The new biopic, Churchill, focuses on the period leading right up to the Allied D-Day moves on Normandy 73 years ago this month. Writer Alex Von Tunzelmann and director Jonathan Teplitzky have depicted those days to reflect what is essentially a nervous breakdown experienced by the great Prime Minister who led Great Britain through its darkest time.
It is difficult to determine if they have an agenda against the memory of the man or if they are simply creating a harsh portrait of the way many of us, no matter what our status, continue to impose a mistaken view of the past onto the present. This is a standard, common human foible In this current political climate, that is what I took away from it. And I still think Winston Churchill was a towering figure who free peoples should truly appreciate.
This owes to a thunderously powerful performance by Brian Cox in the title role. Moreover, he finds beautifully vulnerable softer moments. Von Tunzelman has given him natural dialogue that actually leans poetic in ways reminiscent of Shakespeare. The writer has infused a sense of Churchill feeling an actual connection to the fabled kings of English kings of centuries past. It’s as if he feels himself as a steward of that legacy, as well as of liberty.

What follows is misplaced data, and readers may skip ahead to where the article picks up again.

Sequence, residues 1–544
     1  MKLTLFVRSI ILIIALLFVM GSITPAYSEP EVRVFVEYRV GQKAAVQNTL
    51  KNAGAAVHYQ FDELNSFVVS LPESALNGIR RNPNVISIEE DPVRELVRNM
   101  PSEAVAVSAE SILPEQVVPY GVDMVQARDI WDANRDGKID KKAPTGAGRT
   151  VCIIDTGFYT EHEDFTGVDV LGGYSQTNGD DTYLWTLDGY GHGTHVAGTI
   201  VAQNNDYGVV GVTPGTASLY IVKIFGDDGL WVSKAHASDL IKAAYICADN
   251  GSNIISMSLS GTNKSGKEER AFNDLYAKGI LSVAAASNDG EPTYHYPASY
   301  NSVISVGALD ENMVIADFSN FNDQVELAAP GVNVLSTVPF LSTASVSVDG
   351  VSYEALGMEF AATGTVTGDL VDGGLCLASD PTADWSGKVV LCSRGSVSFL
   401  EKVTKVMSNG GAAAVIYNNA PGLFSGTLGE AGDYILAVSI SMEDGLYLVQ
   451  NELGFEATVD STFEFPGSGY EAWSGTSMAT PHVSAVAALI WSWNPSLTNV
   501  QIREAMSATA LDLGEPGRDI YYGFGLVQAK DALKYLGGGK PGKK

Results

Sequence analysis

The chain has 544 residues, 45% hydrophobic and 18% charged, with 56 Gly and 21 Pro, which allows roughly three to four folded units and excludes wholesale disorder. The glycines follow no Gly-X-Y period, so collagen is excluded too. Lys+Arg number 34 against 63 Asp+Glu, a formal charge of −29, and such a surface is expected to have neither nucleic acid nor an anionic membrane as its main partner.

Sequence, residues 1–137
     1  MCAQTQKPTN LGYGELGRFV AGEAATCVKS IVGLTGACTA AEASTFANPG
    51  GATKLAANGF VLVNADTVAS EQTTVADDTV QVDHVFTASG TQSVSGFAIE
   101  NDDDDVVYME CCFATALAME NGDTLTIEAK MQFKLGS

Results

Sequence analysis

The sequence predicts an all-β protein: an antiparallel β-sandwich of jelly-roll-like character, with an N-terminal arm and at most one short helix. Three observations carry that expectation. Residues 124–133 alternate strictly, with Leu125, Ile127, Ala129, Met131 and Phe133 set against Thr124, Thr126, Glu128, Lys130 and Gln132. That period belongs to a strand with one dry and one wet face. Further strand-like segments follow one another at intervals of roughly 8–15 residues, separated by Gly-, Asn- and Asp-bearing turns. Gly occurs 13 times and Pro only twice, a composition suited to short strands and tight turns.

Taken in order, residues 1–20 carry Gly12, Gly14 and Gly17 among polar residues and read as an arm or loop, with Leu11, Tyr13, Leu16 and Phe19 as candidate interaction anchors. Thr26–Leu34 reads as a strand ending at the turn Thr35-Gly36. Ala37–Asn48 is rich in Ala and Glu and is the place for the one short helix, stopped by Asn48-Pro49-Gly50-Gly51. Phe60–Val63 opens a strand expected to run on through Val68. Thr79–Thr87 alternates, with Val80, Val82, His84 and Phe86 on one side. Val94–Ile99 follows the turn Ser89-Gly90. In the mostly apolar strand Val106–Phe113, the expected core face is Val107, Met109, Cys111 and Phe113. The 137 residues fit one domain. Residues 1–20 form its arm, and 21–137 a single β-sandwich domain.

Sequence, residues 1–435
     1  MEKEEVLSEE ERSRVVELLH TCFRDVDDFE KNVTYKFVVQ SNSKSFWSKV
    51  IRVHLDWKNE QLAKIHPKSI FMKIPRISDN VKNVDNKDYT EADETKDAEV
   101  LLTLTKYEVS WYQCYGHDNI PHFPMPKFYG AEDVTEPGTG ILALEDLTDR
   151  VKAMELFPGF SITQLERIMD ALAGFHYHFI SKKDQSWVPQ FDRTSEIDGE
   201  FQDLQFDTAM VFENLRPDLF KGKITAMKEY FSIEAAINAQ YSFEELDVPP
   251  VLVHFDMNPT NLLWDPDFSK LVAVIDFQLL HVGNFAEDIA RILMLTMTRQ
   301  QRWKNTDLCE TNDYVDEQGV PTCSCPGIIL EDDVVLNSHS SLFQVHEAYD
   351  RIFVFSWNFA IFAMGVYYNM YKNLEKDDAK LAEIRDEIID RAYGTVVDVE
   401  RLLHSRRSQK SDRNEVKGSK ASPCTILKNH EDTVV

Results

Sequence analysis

Churchill is known to have been fiercely skeptical of the plans U.S. General Dwight Eisenhower put forth for the Normandy landings. British Field Marshal Bernard Law Montgomery was also at odds with the Prime Minister on this point and supportive of Ike. John Slattery, utterly iconic for his Roger Sterling character in Mad Men, is regrettably miscast as Eisenhower. He understands and respects the role but doesn’t fill it out thoroughly. (Did you know that Tom Selleck actually portrayed that great general marvelously in Ike: Countdown to D-Day, a 2004 television film?) Julian Wadham’s turn as Montgomery seems a bit arch but one segment where he encourages his troops is absolutely spine-tingling. It creates a sharp moment wherein Churchill doubts his own certitude.
Miranda Richardson is steely to the point of cruelty in moments as Churchill’s stealthy wife, Clementine. Whether this is accurate or not, I don’t know. At some points her complaints seem too contemporary, as if pulled from recent therapy jargon. That said, Churchill as portrayed here was abusive at points and that behavior seems to have been rooted in credible psychology under the high-pressured circumstances. If so he certainly needed to be reined in. In sum, Richardson gives a striking performance that stands toe-to-toe opposite the powerful Cox. They have mutual moments that are absolutely thrilling. Both should be Oscar-nominated next year.
Lagoon Cinema, 1320 Lagoon Ave., Minneapolis